The details of a brand new study land on my desk, and I prepare myself to start researching a new (to me) and particularly nasty-sounding condition called Trigeminal Neuralgia. But there’s something even more unusual about this study: it’s a type of clinical trial called an ethnic matching study.
For this trial, our volunteers will be split into 3 groups of Caucasian volunteers and 3 groups of Japanese volunteers. The idea is that for every Japanese volunteer who enrols, we have a Caucasian volunteer to match them; so if a Japanese woman weighing 51kg checks in, we must also check-in a Caucasian woman weighing around 51kg on the next group, so that we can compare their details as closely as possible.
Now, I might’ve mentioned this already – but I’m NOT a scientist! My gut tells me there must be a very good reason for us to introduce such a complicated study design. So I decide to find out!
I start by learning a little more about Trigeminal Neuralgia (TN), and almost straight away I wish I hadn’t.
TN is a form of chronic pain affecting the trigeminal nerve – the nerve which controls sensitivity in the face. It starts above and behind the ear and has branches stretching across the jaw, cheekbone and eye socket. If the protective sheathing around this nerve is damaged, patients can experience pain so intense that TN has been ‘fondly’ nicknamed ‘The Suicide Disease’. That’s right. People have committed suicide rather than experience more of the pain. It’s that bad.
Shuddering, I try and find out what a patient’s alternatives to suicide are. I’m pretty sure this is not a job for paracetamol or ibuprofen.
I’m not really comforted to learn that one option is using radiation or surgery to permanently damage the trigeminal nerve. This method effectively removes the source of the pain, but can also result in facial numbness.
The other option is to take anti-convulsant drugs which block pain signals from the nerve. These are the most effective and least invasive option for TN patients. They are, quite literally, a lifeline. But they aren’t perfect.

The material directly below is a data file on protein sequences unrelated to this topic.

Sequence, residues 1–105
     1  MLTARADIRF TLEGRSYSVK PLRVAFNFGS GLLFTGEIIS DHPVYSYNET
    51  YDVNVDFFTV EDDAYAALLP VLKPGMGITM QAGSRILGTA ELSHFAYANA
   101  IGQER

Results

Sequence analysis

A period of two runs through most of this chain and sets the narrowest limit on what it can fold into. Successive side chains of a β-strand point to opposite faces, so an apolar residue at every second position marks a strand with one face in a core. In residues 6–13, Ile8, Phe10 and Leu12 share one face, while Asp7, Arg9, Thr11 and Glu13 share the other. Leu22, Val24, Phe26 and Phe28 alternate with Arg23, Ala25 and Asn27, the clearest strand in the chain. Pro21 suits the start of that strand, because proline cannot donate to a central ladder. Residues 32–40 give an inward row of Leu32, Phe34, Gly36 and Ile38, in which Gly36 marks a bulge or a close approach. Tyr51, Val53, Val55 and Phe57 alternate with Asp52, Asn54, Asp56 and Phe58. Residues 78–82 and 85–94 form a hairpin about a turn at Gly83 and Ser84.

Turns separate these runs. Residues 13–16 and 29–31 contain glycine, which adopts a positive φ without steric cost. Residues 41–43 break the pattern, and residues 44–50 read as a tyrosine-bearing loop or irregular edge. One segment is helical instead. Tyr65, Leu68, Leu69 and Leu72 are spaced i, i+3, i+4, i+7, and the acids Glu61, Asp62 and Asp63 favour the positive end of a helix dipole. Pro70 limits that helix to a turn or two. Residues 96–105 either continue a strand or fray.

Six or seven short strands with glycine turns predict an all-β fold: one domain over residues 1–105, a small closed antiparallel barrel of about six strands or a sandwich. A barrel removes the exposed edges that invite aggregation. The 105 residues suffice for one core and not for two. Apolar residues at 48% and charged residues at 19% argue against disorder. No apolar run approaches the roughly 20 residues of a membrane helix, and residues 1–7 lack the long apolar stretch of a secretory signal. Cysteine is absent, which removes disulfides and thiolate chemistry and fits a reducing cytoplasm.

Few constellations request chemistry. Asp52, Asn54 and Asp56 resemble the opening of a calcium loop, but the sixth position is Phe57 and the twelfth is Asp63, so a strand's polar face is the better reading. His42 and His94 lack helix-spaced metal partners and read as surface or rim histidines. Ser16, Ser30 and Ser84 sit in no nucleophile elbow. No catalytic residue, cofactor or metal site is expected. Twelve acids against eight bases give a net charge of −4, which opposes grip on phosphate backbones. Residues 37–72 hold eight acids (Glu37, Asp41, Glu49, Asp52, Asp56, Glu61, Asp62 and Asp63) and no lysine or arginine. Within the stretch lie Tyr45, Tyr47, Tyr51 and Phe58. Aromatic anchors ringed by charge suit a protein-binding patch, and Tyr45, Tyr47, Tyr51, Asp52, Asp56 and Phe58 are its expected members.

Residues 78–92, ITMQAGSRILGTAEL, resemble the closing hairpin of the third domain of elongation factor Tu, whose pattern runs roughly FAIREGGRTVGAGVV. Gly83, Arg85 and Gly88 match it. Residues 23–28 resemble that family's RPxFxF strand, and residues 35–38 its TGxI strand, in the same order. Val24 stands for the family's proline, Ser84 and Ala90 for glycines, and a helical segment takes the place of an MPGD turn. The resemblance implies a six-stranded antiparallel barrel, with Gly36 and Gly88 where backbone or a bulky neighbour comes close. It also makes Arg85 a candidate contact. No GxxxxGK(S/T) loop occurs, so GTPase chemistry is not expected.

In very rare cases, some anti-convulsants can trigger a serious skin condition called Stevens-Johnson Syndrome, which can be lethal if not diagnosed and treated quickly. To reiterate, this is a very rare side effect, affecting as few as 1 in 10,000 patients. However, it is most often found in patients of Asian descent.
Suddenly, I’m starting to appreciate why we do ethnic matching studies.
This isn’t the only example of patients from different ethnic groups reacting differently to medications. For instance, warfarin, which is commonly used to treat high blood pressure, is prescribed in different doses to Black, White and Asian patients, because each group metabolizes the drug at different rates.
In this study, we are testing a new anti-convulsant. Well, newish, to be more precise. The drug has already passed safety testing in healthy volunteers, and it has been found to be effective in treating patients with trigeminal neuralgia. And while this is all extremely positive, we need to closely scrutinize the effect of the drug on our Japanese volunteers to ensure that Asian patients are not being exposed to a higher risk of serious side effects. Clever, eh?
This clinical trial is a vital stage in bringing a new treatment, and new hope, to patients who need it. If you’d like to be a part of it, and you can commit to spending 5 nights in our Leeds clinic, apply to become a Covance paid volunteer.